On Boxing Day in 2004 an earthquake deep in the Indian ocean – the third largest ever recorded, which caused the entire Earth to shake by 1 centimetre – triggered a tsunami that devastated the coastal towns of Indonesia, India, Thailand and Sri Lanka. Over two hundred and thirty thousand people were killed. When confronted with these numbers it is hard to comprehend the magnitude of such an event. Over thirty-five thousand causalities occurred in Sri Lanka alone. Around two hundred and fifty of those people were in the Yala National Park on the south-east coast. Five belonged to the same family.
In Sonali Deraniyagala’s memoir Wave we are given an insight into one woman’s experience of that day, and the desolation that followed. Deraniyagala, raised in Sri Lanka and an economist living in London, had returned with her family for the Christmas holidays. Her husband, Stephen, and two young sons, Vik and Malli, were getting ready to leave, their safari vacation over, when she noticed the ocean rising: ‘Waves not receding or dissolving. Closer now. Brown and gray. Brown or gray. Waves rushing past the conifers and coming closer to our room. All these waves now, charging, churning. Suddenly furious. Suddenly menacing.’Deraniyagala’s parents were in the hotel room next door. As Deraniyagala and her husband run past with the children, they do not stop to knock. Only Deraniyagala survives. Her parents, husband and two sons are swallowed by the wave.
Reminiscent of Joan Didion’s duet Blue Nights and The Year of Magical Thinking, Deraniyagala’s prose is cool and detached, allowing us access into what might otherwise be an unfathomable pain. Deraniyagala is not prone to over dramatisation – indeed her story is in no need of it – but the distant way that she describes the months after the tsunami allows the reader to slowly inhale the reality of this grief, to examine it closely without being overwhelmed by it. In the periphery of Deraniyagala’s vision we see glimpses of the family and friends in Colombo who are trying desperately to keep her safe: aunts spiriting away alcohol and sharp objects, friends visiting from London, a cousin who metes out sleeping pills one at a time.
As she emerges from the initial stupor we are with her when her anger takes over. In a heartbreaking passage, Deraniyagala recounts her obsession with the family that comes to occupy her parents’ house. She spends nights outside, rattling the gates, pretending to be a ghost. She whispers threats into the phone until the family changes their number. She attempts to confront the extent of her loss, the immensity of her pain becoming clear in the smallest of details:
‘We will not fly back to London. The boys will not be at school on Tuesday. Steve will not call me from work to ask if I took them in on time. Vik will not play tag outside his classroom again. Malli will not skip in a circle with some little girls. The Gruffalo. Malli will not cuddle me in bed and read about the Gruffalo, with that poisonous wart at the end of its nose. Vik will not be excited by whoever scored for Liverpool. They will not peep into the oven to check if my apple crumble has cooked.’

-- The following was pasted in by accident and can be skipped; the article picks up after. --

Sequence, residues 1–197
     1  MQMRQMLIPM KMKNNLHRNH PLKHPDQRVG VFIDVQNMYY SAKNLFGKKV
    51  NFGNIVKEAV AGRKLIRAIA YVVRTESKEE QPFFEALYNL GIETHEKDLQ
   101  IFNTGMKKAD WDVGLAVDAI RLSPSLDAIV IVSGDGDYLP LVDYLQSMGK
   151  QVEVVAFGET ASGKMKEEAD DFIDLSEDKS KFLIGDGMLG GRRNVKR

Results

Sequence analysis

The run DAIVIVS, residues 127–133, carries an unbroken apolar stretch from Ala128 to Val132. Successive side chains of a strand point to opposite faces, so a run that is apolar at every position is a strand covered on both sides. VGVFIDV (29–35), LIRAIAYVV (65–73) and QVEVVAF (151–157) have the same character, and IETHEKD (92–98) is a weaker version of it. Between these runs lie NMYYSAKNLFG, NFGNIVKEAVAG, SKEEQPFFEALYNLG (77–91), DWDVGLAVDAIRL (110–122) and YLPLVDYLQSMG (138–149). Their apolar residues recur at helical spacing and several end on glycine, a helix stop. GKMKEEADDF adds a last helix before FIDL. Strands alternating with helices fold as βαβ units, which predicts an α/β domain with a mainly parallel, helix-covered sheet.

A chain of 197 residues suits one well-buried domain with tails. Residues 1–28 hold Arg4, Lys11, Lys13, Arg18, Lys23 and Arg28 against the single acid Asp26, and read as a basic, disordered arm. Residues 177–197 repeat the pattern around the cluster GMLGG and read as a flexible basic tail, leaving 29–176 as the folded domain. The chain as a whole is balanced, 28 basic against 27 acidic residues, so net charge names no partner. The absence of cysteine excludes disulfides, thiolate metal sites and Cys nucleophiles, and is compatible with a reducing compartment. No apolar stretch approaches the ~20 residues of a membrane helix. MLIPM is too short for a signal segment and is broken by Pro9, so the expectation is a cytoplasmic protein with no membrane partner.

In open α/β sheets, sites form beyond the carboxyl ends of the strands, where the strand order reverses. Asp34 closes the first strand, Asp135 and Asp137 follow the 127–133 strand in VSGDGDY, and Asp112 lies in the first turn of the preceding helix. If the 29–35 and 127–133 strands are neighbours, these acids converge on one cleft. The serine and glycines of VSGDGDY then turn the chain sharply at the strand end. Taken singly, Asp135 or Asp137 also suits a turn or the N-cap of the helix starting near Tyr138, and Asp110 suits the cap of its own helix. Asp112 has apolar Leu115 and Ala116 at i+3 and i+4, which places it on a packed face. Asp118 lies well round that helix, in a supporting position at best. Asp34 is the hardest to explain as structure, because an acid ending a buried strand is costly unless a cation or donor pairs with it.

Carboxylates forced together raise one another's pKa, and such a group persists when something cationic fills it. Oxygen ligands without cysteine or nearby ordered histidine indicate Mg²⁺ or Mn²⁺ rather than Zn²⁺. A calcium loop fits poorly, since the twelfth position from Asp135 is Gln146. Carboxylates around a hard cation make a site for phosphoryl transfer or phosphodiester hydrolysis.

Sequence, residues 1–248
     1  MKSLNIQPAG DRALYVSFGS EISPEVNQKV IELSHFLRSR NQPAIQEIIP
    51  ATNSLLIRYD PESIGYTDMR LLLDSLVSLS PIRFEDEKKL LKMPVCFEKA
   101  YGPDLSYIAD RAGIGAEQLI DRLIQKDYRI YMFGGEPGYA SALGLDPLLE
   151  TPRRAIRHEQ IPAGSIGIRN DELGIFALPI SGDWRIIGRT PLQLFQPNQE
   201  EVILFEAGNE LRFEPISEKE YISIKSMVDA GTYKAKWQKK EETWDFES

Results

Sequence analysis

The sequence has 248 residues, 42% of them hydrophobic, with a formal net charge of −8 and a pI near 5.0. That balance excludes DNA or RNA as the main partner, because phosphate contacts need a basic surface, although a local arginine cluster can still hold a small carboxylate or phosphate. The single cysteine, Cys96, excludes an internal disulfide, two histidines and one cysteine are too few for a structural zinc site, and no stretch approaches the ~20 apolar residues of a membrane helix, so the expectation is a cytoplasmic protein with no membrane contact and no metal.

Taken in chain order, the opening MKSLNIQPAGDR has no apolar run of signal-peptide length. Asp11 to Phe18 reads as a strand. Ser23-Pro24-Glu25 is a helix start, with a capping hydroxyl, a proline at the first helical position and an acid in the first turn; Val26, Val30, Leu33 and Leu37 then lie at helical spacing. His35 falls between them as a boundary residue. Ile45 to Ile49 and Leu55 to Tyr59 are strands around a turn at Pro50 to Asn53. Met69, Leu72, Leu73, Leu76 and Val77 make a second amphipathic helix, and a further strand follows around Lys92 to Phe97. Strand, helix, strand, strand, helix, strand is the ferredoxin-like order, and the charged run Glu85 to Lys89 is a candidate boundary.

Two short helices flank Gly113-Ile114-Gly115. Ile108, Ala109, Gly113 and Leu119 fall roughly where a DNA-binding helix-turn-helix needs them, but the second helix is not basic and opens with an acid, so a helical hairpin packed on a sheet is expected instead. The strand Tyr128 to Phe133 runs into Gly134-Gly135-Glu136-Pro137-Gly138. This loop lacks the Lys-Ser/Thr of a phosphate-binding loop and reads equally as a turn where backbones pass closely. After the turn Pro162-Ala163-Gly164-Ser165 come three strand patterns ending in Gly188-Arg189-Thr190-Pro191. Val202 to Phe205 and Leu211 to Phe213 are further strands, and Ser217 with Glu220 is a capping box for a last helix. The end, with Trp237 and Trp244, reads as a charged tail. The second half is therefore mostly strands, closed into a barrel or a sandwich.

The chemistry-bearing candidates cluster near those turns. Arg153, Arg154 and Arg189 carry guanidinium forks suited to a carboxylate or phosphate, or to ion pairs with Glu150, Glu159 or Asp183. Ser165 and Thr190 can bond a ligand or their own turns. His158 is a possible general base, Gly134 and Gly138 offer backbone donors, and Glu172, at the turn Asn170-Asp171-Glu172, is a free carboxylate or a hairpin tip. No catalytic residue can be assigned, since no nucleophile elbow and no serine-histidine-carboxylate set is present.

And yet, despite the intensity of Deraniyagala’s grief, the effect of Wave is not entirely devastating.
In his review for the New Yorker, ‘A Better Quality of Agony’, Teju Cole describes Wave as ‘two stories in one.’ The initial story, Cole says, is that of ‘the stunned horror of a woman who lost, in one moment, her past, present, and future…The second story is about remembering the life of a family when they were happy.’ It is this dual narrative that brings light to the experience of reading Wave. She returns to the family’s London house and among the detritus of a life lived the image of the life she has lost comes into sharper focus. Vignettes of life before the tsunami rise to the surface, a life that had been described by a friend in the moments before the tsunami as ‘a dream’.
As the years pass Deraniyagala begins to emerge into the world, almost without will. She simply lives. Deraniyagala’s memoir offers no answers; there is no moment of resolution. But there are moments of relief. From her new apartment in New York eight years later, Deraniyagala allows herself to slip ‘between this life and that,’ allowing space for the voices of her lost family:
‘This is very different from those early months after the wave, when all I heard was a sudden whisper, some snatches of sound. Their voices have doubled in strength now, not faded with time. Their chatter plays with my thoughts no end. And I am sustained by this, it gives me spark.’
Brigid Mullane is editor of Kill Your Darlings.